The industry lost approximately half a million workers since February 2020, according to the U.S. Bureau of Labor Statistics.
“Nurses spent a year battling a largely unknown assailant. Running low on gear. Fearing we might bring something deadly home. Getting coughed on by people who pretended that our fights were imaginary, that our struggles—watching people die, day after day, no matter what we did—were literally fake,” an intensive care nurse wrote in a new book chronicling her poignant experiences during the height of the pandemic.
The report explains that the reasons for leaving are many. Some are too traumatized to work anymore, others are forced out, suffering from long-term side effects after contracting COVID-19, a proportion lost their jobs, while many decided to leave the profession on their own volition.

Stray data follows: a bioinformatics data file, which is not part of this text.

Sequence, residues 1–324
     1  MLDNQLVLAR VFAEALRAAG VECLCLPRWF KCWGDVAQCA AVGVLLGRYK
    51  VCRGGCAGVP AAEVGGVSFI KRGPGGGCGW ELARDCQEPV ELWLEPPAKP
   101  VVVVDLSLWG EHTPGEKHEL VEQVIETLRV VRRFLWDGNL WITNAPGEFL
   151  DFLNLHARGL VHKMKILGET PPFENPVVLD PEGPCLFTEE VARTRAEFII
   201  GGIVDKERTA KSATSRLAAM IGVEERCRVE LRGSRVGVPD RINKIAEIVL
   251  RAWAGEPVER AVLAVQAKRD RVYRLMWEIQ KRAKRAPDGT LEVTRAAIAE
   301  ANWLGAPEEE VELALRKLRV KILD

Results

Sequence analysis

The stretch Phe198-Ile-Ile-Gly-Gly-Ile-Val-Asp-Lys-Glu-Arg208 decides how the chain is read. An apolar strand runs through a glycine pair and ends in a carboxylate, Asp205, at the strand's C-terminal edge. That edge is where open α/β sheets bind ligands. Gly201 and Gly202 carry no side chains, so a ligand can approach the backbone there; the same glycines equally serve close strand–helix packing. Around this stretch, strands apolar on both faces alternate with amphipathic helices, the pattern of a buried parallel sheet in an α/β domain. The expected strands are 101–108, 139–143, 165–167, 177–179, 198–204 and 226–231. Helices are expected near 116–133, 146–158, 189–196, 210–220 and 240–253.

And this may be only the beginning: A Morning Consult survey noted 31% of the remaining health care workforce have considered leaving their current employer, while 66% of acute and critical care nurses have considered leaving their profession, according to the American Association of Critical-Care Nurses.
The report also noted between 35 and 54% of American nurses and physicians felt burned out already before the pandemic began, overwhelmed by the death, trauma and stress that are just part of the standard job description for being a physician or nurse, but the COVID-19 pandemic magnified all of it in a way that became demoralizing and unstainable for some.- READ MORE